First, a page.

On January 24, 2019, OSHA announced they had published a new final rule to Protect Privacy of Workers, which rescinds the agency's previous requirement for establishments with 250 or more employees to electronically submit Forms 300 and 301.  See our detailed blog post on  OSHA electronic recordkeeping changes for the details of this new NPRM.

Recording Injuries of Temporary Workers

There is much confusion surrounding how employers should be reporting to the Occupational Safety and Health Administration (OSHA) any injuries involving temporary workers. Many organizations either don't think they need to record these incidents or they aren't aggressive enough in letting workers know that they should be reported. In fact, a Washington State Department of Labor & Industries study found that only one-third of employers enter injuries from temporary workers into their OSHA logs. Unfortunately, this leads to situations in which temporary employees are not provided the same protection as permanent staff members.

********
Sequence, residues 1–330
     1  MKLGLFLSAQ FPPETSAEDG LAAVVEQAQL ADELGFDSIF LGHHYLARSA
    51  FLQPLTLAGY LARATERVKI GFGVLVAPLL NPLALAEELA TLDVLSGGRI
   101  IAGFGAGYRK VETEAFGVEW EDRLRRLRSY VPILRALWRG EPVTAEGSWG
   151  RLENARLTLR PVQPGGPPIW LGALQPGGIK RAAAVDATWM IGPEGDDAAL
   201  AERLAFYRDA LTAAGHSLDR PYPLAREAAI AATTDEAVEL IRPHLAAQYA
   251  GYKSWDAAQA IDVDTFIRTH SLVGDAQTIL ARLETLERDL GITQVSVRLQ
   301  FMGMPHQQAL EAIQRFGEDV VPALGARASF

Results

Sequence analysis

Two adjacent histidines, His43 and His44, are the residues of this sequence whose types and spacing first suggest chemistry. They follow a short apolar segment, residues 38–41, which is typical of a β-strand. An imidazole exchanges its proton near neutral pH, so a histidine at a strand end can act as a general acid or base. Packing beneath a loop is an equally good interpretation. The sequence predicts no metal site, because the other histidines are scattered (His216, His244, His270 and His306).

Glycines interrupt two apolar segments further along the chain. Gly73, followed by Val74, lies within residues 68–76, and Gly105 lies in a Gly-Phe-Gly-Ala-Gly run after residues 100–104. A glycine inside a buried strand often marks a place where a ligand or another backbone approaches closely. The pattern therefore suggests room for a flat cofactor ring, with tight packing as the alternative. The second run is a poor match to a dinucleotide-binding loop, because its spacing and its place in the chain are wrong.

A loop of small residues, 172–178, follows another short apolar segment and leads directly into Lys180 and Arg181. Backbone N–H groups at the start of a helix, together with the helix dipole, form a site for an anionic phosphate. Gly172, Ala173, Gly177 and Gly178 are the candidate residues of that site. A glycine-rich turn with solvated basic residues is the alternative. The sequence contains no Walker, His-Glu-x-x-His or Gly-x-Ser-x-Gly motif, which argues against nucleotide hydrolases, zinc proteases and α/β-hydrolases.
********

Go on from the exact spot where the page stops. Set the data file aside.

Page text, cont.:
OSHA has an entire website dedicated to issues that affect temporary workers. They recommend that staffing agencies and host employers work out in their contract which OSHA responsibilities they will handle, such as compliance and recordkeeping responsibilities.

This way, there is no confusion about who should fill out OSHA 301 Incident Report Forms in the event that one of these employees is injured on the job. While both organizations would be required to submit OSHA's Log of Work-Related Injuries and Illnesses (Form 300) if they have more than ten employees, only one would have to submit the incident form, depending on the terms of their service contract.

What is TCIR rate?

Total Case Incident Rate (or TCIR) is used to calculate the frequency of workplace injuries and illnesses and utilizes the data from the OSHA recordkeeping logs.   You can use TCIR to compare your rate to other organizations in your IndustrySafe.

Learn more about the TCIR Rate here.

Organizations can use Vector EHS Management Software's Incidents Module to assist with completing OSHA recordkeeping information and to achieve OSHA recordkeeping compliance.  Vector EHS can also calculate rate reporting to help you improve safety and reduce injuries and illnesses.  Contact us for more information.

Want to Know More?